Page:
Mar 31, 2008 at 6:47 pm #1228097
What kind of alcohol stoves are you using for small 500-600ml mugs. Like the brasslite, BPL SUL, peak etc….
Something small enough that will fit in the mug and boil 1.5-2 cups of water would be nice.
I have been thinking about making a top burner/rivit nut stove out of some small v8 cans but am curious what others are using.Mar 31, 2008 at 6:59 pm #1426440
Best choice in my opinion is the Trail Designs stove with integrated Caldera Cone (which acts as windscreen, and cup support). In mug size, I have one for my SP 450 and SP 600.
Roll the cone up into a plastic cup for protection, or slide it flat into your backpack hydration pocket.
They also have titanium models which are multi-fuel compatible.
And maybe make a few types on your own so you can appreciate the design tradeoffs of an open jet or pressurized type.Mar 31, 2008 at 7:09 pm #1426444
I use a minibulldesign.com Nion 2 with a Heini pot and it works very well. It focuses the flame on the center of the pot so it works very well for small diameter pots (or mugs).Mar 31, 2008 at 7:26 pm #1426447
Mark VerberBPL Member
@verberLocale: San Francisco Bay Area
I have used one of sgt rock's ion stoves. I have found it very fuel efficient but very slow.Apr 6, 2008 at 5:02 pm #1427398
Jamie ShorttBPL Member
@jshorttLocale: North Carolina
I too am looking for a good alcohol stove for smaller mug cooking. I have a vargo triad ti stove that works well for pot cooking but is not designed well for mug cooking. The flame spreads too much and the legs fold out too wide to hold a mug securely. I'm ready to try a new stove. Is minibull the way to go, if so which model is the best?Apr 6, 2008 at 7:28 pm #1427415
george carrBPL Member
@hammer-oneLocale: Walking With The Son
The 1st is the Gram Weenie PRO w/ a 22 oz IMUSA mug, the 2nd is the original Gram Weenie w/ a 12 oz IMUSA mug.Apr 6, 2008 at 7:49 pm #1427419
Josh LeavittBPL Member
@joshleavittLocale: Ruta Locura
This might fit the bill http://www.titaniumgoat.com/TiMicrotus.htmlApr 6, 2008 at 8:43 pm #1427424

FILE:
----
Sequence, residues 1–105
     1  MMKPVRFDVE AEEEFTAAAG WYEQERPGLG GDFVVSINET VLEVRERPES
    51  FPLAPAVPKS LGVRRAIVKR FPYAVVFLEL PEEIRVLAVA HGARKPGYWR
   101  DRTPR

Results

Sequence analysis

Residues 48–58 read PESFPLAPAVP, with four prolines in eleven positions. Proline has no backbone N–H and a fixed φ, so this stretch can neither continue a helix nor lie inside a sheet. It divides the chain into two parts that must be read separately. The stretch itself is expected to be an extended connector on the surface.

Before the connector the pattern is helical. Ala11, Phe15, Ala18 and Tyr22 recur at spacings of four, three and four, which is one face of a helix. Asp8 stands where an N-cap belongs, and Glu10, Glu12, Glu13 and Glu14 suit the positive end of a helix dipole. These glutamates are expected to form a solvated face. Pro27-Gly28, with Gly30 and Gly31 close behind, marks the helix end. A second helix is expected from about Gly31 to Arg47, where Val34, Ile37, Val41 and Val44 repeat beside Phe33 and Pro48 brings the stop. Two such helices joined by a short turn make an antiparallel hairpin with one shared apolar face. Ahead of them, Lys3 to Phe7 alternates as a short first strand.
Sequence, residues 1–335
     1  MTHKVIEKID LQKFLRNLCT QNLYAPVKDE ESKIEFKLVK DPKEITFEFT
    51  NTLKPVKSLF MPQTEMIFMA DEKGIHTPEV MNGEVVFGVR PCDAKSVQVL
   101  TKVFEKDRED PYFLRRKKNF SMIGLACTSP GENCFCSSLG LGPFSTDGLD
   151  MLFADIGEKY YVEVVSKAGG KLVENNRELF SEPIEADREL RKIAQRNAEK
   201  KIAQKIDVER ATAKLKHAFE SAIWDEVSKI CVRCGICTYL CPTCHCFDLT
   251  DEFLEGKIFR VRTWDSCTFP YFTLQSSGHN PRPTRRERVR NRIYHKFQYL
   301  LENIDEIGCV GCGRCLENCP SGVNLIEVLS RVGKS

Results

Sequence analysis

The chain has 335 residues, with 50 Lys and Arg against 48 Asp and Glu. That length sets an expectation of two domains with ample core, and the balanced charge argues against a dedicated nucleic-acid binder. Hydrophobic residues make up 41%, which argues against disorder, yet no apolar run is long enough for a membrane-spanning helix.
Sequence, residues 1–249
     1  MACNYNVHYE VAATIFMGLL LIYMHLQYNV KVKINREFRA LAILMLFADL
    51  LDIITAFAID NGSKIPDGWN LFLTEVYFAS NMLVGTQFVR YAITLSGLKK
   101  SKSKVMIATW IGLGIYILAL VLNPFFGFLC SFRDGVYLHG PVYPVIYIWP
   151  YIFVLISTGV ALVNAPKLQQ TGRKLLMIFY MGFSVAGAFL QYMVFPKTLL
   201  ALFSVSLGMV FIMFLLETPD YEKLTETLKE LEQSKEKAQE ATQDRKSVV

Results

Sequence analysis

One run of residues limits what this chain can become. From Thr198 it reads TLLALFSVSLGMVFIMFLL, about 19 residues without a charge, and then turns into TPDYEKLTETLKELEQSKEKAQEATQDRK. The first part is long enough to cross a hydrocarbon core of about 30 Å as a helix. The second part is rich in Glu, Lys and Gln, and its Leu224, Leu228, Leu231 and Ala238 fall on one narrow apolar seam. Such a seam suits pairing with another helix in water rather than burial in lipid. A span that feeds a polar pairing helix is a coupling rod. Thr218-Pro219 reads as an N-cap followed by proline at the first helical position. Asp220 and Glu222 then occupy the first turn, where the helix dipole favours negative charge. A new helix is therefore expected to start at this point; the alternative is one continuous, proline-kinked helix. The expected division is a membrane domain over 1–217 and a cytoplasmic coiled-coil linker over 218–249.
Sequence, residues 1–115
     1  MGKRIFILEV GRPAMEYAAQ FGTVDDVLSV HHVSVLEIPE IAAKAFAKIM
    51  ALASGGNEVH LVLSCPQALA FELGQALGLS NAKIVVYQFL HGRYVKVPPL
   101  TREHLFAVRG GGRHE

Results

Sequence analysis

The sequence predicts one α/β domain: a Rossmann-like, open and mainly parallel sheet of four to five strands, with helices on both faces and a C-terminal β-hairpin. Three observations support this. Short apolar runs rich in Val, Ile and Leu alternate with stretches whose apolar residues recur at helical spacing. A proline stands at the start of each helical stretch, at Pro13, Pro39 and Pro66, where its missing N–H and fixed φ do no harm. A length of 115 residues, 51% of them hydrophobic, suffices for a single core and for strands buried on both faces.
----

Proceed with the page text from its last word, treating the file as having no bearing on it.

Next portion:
Dave .BPL Member
Holy cow, that looks awesome! Nothing to be ashamed of there.
Need any testers? ;)Apr 6, 2008 at 8:58 pm #1427427
I have just noticed that the 550ml TiTri is also ready for sale (I must have missed your announcement……….)
Have you done any comparison between the Microtus and this one ?
FrancoApr 7, 2008 at 7:54 am #1427462
1) Kudos on that Microtus…
2) Man, that Tri-Ti is right on the money for an alternate size…Apr 7, 2008 at 8:14 am #1427465
Ben 2 WorldBPL Member
@ben2worldLocale: So Cal
Just stay away from pressurized side burners. In other words, pretty much any narrow, non-pressurized top burner stove will work. An example is a small size cat food can, with a wire cloth jammed in to work as "integrated" pot stand. I cut and folded down small pieces of the can top to keep the wire cloth in place. I also cut one small piece and folded it at a 90 degree angle (i.e. "flat"). When lighting, I squirt one drop of alcohol onto the flat piece and light the stove from there.
Rolling boil for 1 pint of water takes about 0.7 ounces of alcohol and about 6-7 minutes.
Since making the above, I've made another one using a wedding tin. It's slightly narrower than the above cat food can, but still holds up to an ounce of alcohol. Thanks for the tin, Jason Klass! :)Apr 7, 2008 at 9:38 am #1427480
@bigjackbrassLocale: Northwest England
I've been using a Brasslite stove for a couple of years with good, dependable results. Some other designs are certainly lighter and perhaps a touch quicker, but it's a well constructed, reliable little stove (and the brass construction appeals to the Victorian in me.)Apr 7, 2008 at 5:36 pm #1427576
Josh LeavittBPL Member
@joshleavittLocale: Ruta Locura